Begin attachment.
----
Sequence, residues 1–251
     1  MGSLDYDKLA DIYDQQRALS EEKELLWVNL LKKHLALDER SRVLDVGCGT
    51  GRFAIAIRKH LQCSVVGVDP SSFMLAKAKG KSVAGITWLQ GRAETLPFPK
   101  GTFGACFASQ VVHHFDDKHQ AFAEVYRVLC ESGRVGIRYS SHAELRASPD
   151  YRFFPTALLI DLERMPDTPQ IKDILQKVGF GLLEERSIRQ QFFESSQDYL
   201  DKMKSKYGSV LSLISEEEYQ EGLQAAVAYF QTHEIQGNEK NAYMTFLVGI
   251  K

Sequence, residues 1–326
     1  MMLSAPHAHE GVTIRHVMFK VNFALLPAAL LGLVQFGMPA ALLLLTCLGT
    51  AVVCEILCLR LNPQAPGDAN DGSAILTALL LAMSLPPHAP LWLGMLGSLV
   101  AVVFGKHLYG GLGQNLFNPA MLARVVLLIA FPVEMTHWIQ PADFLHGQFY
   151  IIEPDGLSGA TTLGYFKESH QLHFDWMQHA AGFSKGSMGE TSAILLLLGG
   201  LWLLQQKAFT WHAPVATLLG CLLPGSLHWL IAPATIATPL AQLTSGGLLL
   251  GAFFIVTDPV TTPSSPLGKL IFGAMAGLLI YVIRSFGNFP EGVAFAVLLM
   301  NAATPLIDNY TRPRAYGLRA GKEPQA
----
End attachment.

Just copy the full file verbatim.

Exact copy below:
Sequence, residues 1–251
     1  MGSLDYDKLA DIYDQQRALS EEKELLWVNL LKKHLALDER SRVLDVGCGT
    51  GRFAIAIRKH LQCSVVGVDP SSFMLAKAKG KSVAGITWLQ GRAETLPFPK
   101  GTFGACFASQ VVHHFDDKHQ AFAEVYRVLC ESGRVGIRYS SHAELRASPD
   151  YRFFPTALLI DLERMPDTPQ IKDILQKVGF GLLEERSIRQ QFFESSQDYL
   201  DKMKSKYGSV LSLISEEEYQ EGLQAAVAYF QTHEIQGNEK NAYMTFLVGI
   251  K

Sequence, residues 1–326
     1  MMLSAPHAHE GVTIRHVMFK VNFALLPAAL LGLVQFGMPA ALLLLTCLGT
    51  AVVCEILCLR LNPQAPGDAN DGSAILTALL LAMSLPPHAP LWLGMLGSLV
   101  AVVFGKHLYG GLGQNLFNPA MLARVVLLIA FPVEMTHWIQ PADFLHGQFY
   151  IIEPDGLSGA TTLGYFKESH QLHFDWMQHA AGFSKGSMGE TSAILLLLGG
   201  LWLLQQKAFT WHAPVATLLG CLLPGSLHWL IAPATIATPL AQLTSGGLLL
   251  GAFFIVTDPV TTPSSPLGKL IFGAMAGLLI YVIRSFGNFP EGVAFAVLLM
   301  NAATPLIDNY TRPRAYGLRA GKEPQA